TRADITION V NEW ‘TOOLS’
’It could be considered that Archaeology from its inception embraced new technology. This included Cartesian mapping and early photography, ground based and aerial, both balloon and fixed wing. The Atomic era brought carbon14 dating, Accelerator Mass Spectrometry (AMS) exploration introduced LiDar, geophysical survey using proton magnometry or Ground Penetrating Radar. Jeremy Huggett suggested “the idea that objects contain embedded within them representations of aspects of their socio-technical and economic circumstances of creation is not unfamiliar to archaeologists”, could this be an ‘aura’. It could be considered that the dig and abstraction of artefacts by human hand are still applicable, the rest, Digital or otherwise simply speeds the process along. A prime example in the use of Digital Archaeological sub-set disciplines would be the discovery of Richard III’s body. A mechanical digger remove the first 30cm of surface material, not a mattock in site. From GPR to dig team, carbon 14 to Osteoarchaeology, CT scans to Archaeogenetics led to his identity being discovered. While the use digital tools and approaches are available to all archaeologists and should when possible be integrated into all aspects their work, many avenues of digital archaeology need a specialist’s knowledge. The introduction of many new tools comes from far outside traditional fields of archaeology, the IMS and GPS used in aerial LiDar is originally from missile technology. Archaeologists implement digital databases in comparative studies, this shared work and experience can be available through open access, linking all data, and optimising the link through new technology can aid in creating more refined interpretations of archaeology. There is a need for the next generation of archaeologists to engage with digital technology. Even to be given a basic knowledge of the many aspects of analytical or research systems irrespective of how often it is used; simply to know that tools are available to speed up complicated processes. There is no doubt that many archaeology projects presently involve the use of computers, it is not necessary that their project leaders know how to use them but they should have people in their department who do, Andre Costopoulos makes this point clear. In Ireland, the availability of dig information provided by the NRA online in incredible. There is an ongoing process to get archaeologists to realize the potential of digital archaeology using it as a new tool or sub-field and to eventually incorporate it into their research. Archaeology has come far since academics dismissed the first radiocarbon dating in the nineteen forties as archaeologically inacceptable. As computer technology becomes more compact and computers became more powerful and human-readable computing languages became more prominent.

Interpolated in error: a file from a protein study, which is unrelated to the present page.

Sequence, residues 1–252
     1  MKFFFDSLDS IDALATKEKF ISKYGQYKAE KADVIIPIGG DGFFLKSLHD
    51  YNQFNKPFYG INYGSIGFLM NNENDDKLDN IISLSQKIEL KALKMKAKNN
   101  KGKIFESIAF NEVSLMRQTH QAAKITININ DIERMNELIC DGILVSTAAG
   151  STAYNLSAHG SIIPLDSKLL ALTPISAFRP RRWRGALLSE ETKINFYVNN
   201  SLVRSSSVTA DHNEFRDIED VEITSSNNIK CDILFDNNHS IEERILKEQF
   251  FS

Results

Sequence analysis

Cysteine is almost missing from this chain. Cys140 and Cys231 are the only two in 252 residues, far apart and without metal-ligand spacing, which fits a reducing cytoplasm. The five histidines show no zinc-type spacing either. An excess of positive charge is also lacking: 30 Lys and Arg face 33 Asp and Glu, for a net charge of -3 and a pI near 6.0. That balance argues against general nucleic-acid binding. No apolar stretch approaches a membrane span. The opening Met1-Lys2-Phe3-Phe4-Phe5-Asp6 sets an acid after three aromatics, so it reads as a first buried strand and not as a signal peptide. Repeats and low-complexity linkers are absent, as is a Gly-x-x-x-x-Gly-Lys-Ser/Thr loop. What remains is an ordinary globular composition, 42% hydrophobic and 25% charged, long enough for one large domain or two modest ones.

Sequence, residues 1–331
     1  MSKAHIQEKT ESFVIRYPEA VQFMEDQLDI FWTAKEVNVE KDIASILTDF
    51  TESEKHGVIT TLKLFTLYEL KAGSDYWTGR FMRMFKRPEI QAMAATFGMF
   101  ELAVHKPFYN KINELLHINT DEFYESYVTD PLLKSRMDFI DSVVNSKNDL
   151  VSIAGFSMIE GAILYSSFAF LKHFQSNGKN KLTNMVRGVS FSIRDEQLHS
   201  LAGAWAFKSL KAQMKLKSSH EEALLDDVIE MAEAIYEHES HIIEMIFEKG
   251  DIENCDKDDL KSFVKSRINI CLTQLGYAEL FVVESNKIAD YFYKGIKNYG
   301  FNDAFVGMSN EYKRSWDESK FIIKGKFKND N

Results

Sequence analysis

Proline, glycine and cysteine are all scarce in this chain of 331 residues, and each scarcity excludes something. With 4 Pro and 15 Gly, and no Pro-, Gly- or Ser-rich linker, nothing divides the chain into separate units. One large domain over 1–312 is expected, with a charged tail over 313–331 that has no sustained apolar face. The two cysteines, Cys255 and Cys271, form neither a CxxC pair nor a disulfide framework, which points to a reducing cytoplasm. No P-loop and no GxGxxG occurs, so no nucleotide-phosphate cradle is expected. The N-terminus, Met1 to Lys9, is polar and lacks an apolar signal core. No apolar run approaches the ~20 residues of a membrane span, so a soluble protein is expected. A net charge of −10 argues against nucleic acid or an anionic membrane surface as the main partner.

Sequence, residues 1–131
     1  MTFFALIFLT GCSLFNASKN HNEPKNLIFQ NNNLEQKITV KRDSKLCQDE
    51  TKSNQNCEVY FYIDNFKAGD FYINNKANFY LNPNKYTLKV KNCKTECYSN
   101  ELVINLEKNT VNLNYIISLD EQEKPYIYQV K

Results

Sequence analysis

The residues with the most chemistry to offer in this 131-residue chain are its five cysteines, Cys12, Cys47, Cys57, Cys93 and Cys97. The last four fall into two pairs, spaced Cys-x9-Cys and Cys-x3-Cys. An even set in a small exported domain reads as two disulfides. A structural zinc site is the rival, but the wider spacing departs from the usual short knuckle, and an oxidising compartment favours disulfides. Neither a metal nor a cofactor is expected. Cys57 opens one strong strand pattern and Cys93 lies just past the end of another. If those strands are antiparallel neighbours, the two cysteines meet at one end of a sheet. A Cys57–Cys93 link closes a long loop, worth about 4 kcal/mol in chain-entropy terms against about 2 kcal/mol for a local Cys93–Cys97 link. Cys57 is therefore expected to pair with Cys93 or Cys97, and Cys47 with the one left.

The time is here to embrace the technology for what it is, a way of speeding up ancillary processes, overlaying tracing paper on google earth photos of the site to get a sketch map, GPS for distances and scale or identifying dig pits with GPR, reducing the use of test pits. In a generation, Archaeology, will be just be one of many disciplines revolving round Digital platforms. ‘Who commands the future conquers the past’ (Orwell 1949)
Costopoulos A Digital Archaeology Is Here (and Has Been for a While). Front. Digit. Humanit. 3:4. doi: 10.3389/fdigh.2016.00004http://journal.frontiersin.org/article/10.3389/fdigh.2016.00004/full
Huggett J.A Manifesto for an Introspective Digital Archaeology
Wenger R. Visual Art, Archaeology, and Gestalt
Leonardo Vol. 30, No. 1 (1997), pp. 35-46, The MIT Press
TRADITION V NEW ‘TOOLS’